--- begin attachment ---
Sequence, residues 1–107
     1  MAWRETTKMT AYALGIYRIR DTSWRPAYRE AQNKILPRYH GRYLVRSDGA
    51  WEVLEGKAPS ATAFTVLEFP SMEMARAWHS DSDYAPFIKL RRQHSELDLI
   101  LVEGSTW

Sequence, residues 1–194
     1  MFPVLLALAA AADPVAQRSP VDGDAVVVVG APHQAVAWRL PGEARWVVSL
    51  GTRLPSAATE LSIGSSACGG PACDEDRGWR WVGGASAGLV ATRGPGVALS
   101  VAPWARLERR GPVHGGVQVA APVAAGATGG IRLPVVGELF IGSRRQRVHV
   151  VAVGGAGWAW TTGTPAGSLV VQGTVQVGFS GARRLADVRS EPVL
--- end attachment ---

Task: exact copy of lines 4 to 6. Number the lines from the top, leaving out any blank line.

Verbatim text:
   101  LVEGSTW

Sequence, residues 1–194
     1  MFPVLLALAA AADPVAQRSP VDGDAVVVVG APHQAVAWRL PGEARWVVSL